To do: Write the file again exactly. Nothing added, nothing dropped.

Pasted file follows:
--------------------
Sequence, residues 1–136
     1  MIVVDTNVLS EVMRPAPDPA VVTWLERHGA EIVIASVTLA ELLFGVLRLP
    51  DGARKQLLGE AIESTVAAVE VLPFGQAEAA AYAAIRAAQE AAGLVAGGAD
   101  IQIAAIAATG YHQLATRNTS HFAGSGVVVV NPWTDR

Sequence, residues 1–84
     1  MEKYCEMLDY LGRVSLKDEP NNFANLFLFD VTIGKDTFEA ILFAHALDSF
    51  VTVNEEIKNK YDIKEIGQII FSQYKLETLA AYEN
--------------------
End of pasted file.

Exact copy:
Sequence, residues 1–136
     1  MIVVDTNVLS EVMRPAPDPA VVTWLERHGA EIVIASVTLA ELLFGVLRLP
    51  DGARKQLLGE AIESTVAAVE VLPFGQAEAA AYAAIRAAQE AAGLVAGGAD
   101  IQIAAIAATG YHQLATRNTS HFAGSGVVVV NPWTDR

Sequence, residues 1–84
     1  MEKYCEMLDY LGRVSLKDEP NNFANLFLFD VTIGKDTFEA ILFAHALDSF
    51  VTVNEEIKNK YDIKEIGQII FSQYKLETLA AYEN